One threshold question is whether the Proposed Order is a “technical regulation,” which the WTO TBT Agreement defines as a:

“[d]ocument which lays down product characteristics or their related processes and production methods, including the applicable administrative provisions, with which compliance is mandatory. It may also include or deal exclusively with terminology, symbols, packaging, marking or labelling requirements as they apply to a product, process or production method.”[26]

WTO Members are required to notify a proposed technical regulation to the WTO: (a) where there is no relevant international standard or the proposed technical regulation deviates from a relevant international standard, and (b) if the proposed technical regulation may have a “significant effect on trade of other Members.”[27]

It appears that Canada and the United States disagree on whether the measure is a technical regulation.  We understand that the United States has requested that Canada notify the Proposed Order to the WTO TBT Committee to allow WTO Members to comment and to take the comments into account, but Canada has not done so.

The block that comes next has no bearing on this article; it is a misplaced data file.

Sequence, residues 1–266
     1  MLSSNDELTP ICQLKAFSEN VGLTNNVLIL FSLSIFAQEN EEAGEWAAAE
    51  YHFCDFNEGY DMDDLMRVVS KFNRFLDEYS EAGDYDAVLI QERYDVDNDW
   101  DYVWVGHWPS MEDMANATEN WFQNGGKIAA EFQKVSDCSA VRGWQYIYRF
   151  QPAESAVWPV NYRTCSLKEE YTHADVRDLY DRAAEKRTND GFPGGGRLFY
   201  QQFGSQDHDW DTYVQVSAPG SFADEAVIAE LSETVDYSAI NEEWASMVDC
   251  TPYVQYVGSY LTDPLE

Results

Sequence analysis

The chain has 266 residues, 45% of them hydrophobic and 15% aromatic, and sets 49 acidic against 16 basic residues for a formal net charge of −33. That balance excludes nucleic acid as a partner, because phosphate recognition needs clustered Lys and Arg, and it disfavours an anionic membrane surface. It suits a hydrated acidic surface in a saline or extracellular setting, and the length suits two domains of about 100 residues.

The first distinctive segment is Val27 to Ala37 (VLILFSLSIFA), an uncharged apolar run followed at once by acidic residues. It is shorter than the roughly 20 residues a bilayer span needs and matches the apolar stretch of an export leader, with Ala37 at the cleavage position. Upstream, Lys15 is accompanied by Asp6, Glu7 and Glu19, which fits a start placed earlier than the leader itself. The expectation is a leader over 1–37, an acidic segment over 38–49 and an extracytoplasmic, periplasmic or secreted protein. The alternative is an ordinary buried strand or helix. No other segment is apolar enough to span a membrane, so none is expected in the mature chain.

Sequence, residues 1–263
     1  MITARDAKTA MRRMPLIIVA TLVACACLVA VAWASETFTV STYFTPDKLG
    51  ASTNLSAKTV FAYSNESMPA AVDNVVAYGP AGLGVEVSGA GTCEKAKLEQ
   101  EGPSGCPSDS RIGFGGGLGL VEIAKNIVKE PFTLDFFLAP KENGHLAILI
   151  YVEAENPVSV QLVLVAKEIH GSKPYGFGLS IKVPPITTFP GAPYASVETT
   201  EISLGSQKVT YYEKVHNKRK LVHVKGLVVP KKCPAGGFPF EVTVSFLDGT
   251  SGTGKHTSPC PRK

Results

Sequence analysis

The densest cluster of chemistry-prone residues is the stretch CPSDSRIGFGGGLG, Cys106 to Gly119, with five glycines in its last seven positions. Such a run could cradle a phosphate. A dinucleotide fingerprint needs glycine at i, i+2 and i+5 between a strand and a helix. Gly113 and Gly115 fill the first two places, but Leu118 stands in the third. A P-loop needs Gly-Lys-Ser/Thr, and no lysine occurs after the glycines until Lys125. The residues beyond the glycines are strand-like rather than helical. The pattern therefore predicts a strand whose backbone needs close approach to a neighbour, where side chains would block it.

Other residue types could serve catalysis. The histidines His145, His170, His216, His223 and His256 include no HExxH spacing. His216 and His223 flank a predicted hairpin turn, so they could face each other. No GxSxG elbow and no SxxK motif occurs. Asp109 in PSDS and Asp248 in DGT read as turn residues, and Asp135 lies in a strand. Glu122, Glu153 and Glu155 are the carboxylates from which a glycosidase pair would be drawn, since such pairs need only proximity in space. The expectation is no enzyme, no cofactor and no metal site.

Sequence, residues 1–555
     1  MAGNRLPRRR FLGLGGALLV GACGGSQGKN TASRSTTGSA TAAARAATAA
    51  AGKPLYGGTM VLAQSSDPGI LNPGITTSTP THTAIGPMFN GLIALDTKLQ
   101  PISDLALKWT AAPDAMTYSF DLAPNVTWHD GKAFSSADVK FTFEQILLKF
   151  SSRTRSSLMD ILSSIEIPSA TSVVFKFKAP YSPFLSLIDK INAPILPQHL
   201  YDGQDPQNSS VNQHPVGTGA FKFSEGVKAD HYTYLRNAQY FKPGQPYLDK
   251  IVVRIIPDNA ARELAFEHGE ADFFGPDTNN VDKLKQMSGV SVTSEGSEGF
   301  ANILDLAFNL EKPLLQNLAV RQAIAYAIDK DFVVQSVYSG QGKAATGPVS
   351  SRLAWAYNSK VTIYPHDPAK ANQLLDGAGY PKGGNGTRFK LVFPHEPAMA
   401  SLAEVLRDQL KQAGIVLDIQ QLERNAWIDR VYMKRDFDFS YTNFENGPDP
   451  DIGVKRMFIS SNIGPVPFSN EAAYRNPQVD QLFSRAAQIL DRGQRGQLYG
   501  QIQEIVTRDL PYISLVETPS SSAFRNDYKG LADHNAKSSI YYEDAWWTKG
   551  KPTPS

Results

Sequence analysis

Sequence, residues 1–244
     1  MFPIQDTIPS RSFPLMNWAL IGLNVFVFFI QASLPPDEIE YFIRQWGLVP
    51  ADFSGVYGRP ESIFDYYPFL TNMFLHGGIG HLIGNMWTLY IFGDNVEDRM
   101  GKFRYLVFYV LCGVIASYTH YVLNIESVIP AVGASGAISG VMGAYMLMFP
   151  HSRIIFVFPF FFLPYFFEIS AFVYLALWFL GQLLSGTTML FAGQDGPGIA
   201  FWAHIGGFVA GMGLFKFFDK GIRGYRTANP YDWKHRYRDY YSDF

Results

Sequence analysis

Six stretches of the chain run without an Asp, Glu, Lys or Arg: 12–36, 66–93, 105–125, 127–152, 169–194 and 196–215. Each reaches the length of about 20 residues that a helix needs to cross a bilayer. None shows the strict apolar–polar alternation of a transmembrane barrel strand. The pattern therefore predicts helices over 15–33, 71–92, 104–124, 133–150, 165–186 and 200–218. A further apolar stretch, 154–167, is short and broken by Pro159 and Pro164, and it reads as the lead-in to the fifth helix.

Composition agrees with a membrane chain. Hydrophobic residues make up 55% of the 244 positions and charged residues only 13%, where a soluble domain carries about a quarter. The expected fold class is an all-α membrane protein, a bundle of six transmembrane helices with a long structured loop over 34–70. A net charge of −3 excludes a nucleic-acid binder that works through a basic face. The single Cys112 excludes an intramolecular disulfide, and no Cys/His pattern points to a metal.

*          *          *

Reducing the flow of plastic waste into the environment and forging a future without plastic waste is an important and laudable objective shared by regulators, companies, and consumers around the globe.  For example, it is estimated that 22 million pounds of plastic enter the North American Great Lakes every year,[28] with microplastics reaching levels as high as 1.25 million particles/km2 – concentrations on par with what is found in the ocean’s garbage patches.[29]  Attaining these goals will require collaboration amongst all stakeholders – including local, provincial/state, and federal governments; civil society; industry; and the public – in both Canada and the United States and on a cross-border basis.[30]  The Trudeau Government should seek to address the significant procedural and definitional/scope issues, as well as important international trade considerations, with respect to the Proposed Order through a collaborative process.  At the same time, the recent change in U.S. administration may present opportunities for pursuing bilateral, North American, and/or regional approaches to curtailing and ending plastic waste in a manner that addresses the issues that have been raised.